You may have heard (everywhere) that today is "Cyber Monday." Soon all those packages you've ordered (or others have ordered for you) will be arriving. And, sure as the snow will fly in December, thieves will be out trying to grab those packages before you can.
It happens every year. So be proactive about protecting your stuff, and tell your neighbors how to be that way, too. It only takes one weak link to let strangers in and make all the other residents vulnerable.
A sad recurring theme in emails we get from readers is about thieves, usually traveling in groups, sometimes even preteens, gaining access to multi-unit buildings and helping themselves to packages left in the lobby. So we'll repeat what we ran last year on how to avoid being victimized:
- Never (never never never never) buzz anyone in unless you're expecting them. It's always shocking to us that thieves can ring ten bells and at least one resident will buzz them in without knowing them. In at least one case, it was an organized theft ring that got into buildings that way.
- If someone rings your bell to say they're from UPS or FedEx, meet them downstairs to verify that's who it is. Once thieves have seen packages sitting in the lobby, it only takes seconds for them to grab them and get out, while you're sitting in your place wondering where the delivery guy you just buzzed in is.
- If you get a delivery, go get it right away. Kevin Liu, who stole hundreds of thousands of dollars worth of packages in the 19th Police District, used to follow the FedEx and UPS trucks down the street and grab what the delivery guys left.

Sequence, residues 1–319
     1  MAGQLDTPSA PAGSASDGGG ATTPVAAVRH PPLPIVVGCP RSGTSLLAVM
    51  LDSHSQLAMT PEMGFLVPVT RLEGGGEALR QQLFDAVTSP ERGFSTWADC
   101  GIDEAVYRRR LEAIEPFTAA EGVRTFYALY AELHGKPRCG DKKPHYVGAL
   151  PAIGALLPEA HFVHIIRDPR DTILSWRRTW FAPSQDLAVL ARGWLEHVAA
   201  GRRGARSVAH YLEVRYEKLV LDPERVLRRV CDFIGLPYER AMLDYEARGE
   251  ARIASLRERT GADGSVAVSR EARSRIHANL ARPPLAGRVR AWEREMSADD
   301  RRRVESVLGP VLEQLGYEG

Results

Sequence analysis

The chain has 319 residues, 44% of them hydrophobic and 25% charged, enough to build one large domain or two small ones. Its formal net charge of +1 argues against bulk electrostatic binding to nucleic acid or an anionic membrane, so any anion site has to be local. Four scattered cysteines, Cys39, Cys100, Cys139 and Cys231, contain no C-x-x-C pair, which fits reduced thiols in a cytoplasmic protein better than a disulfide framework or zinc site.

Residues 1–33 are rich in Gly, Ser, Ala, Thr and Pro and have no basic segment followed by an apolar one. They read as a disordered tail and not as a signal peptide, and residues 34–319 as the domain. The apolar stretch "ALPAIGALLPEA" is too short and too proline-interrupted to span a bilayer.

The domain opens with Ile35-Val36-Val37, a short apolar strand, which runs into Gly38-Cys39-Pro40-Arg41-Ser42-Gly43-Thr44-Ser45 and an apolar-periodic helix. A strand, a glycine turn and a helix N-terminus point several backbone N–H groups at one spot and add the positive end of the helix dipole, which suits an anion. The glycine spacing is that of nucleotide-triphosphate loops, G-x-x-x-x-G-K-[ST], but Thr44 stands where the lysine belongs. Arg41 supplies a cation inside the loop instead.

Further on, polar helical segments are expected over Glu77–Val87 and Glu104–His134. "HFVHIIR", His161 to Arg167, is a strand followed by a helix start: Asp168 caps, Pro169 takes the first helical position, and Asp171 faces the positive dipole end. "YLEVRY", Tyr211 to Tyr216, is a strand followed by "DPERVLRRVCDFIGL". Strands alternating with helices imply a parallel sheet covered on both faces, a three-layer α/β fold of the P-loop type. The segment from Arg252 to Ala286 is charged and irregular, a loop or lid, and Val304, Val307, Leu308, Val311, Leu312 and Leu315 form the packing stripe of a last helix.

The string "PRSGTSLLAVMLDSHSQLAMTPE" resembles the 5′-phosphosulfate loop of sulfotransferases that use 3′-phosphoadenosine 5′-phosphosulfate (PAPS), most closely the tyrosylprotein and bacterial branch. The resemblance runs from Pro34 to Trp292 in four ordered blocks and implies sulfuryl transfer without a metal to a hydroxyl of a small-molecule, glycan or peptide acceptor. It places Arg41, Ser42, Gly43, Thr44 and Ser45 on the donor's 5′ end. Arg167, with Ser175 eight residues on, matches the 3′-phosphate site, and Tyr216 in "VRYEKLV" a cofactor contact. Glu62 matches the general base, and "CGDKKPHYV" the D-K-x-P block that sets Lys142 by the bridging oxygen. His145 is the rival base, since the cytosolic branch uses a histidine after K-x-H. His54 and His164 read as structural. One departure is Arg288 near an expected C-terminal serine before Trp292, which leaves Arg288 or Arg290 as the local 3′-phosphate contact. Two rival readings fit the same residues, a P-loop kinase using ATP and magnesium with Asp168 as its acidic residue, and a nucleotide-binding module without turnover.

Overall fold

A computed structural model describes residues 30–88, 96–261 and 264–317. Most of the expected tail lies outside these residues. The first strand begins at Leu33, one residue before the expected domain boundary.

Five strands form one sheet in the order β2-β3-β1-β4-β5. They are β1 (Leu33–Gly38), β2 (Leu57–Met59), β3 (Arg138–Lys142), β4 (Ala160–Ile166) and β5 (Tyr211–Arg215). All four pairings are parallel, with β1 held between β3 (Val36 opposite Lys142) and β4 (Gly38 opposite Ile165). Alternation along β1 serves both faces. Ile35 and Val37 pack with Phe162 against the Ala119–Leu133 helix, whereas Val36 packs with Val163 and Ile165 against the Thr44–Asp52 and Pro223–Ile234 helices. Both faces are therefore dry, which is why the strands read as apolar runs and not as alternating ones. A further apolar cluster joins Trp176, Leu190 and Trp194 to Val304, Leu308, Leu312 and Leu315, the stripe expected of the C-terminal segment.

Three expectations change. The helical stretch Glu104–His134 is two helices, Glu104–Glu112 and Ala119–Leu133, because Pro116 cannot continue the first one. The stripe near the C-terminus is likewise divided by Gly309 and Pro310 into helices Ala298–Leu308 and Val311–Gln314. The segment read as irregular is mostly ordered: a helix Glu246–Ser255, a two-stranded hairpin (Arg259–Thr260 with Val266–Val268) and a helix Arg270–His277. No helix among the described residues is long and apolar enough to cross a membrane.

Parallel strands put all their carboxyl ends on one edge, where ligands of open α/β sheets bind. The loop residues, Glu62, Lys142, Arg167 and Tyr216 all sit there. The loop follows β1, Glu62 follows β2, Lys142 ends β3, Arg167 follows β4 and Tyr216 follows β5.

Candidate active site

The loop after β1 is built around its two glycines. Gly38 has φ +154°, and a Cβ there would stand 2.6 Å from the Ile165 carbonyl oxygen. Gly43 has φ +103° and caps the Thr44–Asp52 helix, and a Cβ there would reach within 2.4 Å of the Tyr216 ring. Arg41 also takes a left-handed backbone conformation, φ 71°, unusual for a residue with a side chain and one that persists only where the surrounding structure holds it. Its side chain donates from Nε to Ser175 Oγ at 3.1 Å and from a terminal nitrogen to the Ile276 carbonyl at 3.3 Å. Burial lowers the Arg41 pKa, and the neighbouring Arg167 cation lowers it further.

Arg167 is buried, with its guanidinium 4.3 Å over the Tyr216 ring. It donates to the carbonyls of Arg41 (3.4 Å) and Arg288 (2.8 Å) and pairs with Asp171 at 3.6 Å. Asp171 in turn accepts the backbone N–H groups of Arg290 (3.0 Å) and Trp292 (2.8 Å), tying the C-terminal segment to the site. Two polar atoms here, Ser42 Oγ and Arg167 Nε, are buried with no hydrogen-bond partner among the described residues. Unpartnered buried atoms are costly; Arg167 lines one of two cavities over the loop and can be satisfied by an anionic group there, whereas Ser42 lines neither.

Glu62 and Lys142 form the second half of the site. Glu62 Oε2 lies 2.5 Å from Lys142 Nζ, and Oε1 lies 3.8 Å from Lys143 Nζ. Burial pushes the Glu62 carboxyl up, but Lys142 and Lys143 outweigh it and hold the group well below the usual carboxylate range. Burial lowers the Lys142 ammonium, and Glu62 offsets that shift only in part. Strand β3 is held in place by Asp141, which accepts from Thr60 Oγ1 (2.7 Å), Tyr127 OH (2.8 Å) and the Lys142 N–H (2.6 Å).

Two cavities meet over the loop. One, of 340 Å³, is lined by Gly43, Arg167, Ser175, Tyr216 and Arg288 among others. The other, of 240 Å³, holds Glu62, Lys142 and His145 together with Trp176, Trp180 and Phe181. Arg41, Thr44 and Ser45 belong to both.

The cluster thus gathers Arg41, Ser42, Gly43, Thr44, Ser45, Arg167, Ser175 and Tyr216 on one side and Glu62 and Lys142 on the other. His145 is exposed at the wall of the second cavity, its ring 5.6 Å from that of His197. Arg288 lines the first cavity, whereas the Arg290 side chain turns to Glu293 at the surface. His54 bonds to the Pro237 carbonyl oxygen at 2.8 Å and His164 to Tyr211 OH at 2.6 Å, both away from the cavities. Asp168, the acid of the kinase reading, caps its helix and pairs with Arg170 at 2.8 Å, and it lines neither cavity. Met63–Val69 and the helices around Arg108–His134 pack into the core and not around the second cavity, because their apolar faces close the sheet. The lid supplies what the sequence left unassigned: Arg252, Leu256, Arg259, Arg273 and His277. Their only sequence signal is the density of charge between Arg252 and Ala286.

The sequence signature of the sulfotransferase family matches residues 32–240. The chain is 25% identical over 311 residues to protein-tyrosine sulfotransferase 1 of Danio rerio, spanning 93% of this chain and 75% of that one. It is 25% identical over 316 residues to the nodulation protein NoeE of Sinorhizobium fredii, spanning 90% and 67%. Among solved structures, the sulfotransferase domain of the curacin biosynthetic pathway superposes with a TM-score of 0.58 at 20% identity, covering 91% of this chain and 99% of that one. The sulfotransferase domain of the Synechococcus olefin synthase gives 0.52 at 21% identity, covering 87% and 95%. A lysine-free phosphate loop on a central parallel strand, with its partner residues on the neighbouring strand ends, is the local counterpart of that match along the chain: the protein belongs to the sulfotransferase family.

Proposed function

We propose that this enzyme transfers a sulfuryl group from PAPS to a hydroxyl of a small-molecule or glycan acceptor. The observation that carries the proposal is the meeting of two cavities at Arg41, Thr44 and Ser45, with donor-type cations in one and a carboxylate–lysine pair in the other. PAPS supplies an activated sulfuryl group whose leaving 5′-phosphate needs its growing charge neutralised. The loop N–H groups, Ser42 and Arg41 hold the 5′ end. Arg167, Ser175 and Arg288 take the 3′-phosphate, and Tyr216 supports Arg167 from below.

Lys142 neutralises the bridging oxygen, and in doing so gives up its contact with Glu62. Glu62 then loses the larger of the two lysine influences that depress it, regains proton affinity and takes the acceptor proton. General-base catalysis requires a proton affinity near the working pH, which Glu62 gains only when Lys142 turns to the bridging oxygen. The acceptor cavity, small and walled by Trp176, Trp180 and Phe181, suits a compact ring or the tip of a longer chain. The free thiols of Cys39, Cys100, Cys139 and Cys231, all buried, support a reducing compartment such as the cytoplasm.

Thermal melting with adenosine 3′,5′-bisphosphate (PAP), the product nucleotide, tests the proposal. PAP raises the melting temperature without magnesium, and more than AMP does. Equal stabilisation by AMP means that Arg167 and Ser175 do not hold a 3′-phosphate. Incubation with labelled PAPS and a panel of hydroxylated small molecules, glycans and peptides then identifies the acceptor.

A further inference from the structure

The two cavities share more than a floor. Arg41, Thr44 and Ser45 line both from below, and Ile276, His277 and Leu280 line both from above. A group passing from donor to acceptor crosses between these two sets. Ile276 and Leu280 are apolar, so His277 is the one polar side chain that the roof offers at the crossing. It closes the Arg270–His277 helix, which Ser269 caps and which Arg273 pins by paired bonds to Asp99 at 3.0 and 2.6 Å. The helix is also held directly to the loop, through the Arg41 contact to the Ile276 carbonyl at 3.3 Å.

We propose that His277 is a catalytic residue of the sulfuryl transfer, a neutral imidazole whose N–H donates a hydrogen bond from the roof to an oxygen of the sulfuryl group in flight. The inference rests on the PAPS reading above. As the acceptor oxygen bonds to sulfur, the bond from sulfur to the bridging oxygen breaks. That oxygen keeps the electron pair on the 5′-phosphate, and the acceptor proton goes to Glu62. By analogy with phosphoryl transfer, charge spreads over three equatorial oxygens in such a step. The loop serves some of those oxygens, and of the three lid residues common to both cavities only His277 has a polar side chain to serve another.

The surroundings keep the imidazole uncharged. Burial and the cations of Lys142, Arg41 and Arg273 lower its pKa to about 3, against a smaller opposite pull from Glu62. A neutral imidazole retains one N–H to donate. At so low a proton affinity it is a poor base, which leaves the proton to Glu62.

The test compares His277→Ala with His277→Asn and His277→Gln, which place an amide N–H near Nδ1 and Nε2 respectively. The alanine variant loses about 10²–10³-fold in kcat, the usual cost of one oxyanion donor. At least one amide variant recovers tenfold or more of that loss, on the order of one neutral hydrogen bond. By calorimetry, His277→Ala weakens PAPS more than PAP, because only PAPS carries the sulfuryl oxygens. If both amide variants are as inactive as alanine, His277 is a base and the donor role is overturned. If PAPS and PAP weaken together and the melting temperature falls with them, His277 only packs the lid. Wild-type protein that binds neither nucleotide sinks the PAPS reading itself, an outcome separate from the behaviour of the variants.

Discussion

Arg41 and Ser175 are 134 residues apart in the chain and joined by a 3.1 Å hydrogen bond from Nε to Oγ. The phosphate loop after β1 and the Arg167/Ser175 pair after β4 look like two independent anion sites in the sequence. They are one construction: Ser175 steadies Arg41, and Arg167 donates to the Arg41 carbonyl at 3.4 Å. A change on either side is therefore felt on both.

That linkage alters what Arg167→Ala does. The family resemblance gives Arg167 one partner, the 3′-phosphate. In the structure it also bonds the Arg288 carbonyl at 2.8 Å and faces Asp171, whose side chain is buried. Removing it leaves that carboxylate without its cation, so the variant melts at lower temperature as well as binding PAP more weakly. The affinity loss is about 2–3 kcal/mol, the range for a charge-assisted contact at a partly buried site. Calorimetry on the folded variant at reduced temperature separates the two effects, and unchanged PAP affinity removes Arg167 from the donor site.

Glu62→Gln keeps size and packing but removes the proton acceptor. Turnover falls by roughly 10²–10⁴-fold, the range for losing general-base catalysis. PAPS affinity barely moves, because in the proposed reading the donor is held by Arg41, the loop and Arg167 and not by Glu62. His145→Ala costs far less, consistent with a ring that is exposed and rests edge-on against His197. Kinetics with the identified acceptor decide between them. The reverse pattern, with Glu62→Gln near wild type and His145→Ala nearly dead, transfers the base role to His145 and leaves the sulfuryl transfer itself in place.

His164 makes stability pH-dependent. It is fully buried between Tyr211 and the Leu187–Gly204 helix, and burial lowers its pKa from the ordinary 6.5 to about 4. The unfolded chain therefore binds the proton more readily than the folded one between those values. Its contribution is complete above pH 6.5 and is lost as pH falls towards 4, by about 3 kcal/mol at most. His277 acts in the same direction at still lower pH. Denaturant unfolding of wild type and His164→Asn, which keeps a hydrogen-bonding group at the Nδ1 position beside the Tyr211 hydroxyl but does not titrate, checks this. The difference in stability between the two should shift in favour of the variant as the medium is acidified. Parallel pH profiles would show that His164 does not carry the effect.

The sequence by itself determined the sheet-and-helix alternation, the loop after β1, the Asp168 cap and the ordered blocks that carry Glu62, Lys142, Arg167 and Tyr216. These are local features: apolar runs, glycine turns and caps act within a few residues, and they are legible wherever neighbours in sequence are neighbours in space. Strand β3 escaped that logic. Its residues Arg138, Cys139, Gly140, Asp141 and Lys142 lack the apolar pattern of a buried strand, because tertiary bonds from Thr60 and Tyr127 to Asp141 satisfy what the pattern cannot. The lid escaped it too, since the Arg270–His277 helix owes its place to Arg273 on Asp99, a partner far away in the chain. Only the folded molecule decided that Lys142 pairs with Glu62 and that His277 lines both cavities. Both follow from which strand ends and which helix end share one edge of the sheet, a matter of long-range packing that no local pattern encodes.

- Is there someone in your building who works from home or is around during the day? Ask them to accept any package deliveries for the building (and slip them a Starbuck's gift card for their trouble).
- Got someone who can receive packages for you at their place? A friend who's home during the day or a local storeowner who'd be willing to accept your packages? (Ditto on the gift card as a thank you.)
- Be creative -- is there somewhere besides your lobby where packages can be left, out of sight of thieves looking for an opportunity?
- Some delivery services will send you a text or email as the package goes along the route. You can at least know when to expect it if you get alerts.
- It costs a couple bucks more, but require a signature on any packages delivered to you or to others. Yes, it's a hassle, but much less of one than trying to get the contents of your package returned to you.
Update: And look here: a 21-year-old guy from the 4500 block of Sheridan Road was arrested Monday for stealing packages from porches on the 1700 block of Diversey. Travis Slaughtaire has been charged with felony theft. He's far from the only opportunist out there. Don't give them a chance to victimize you.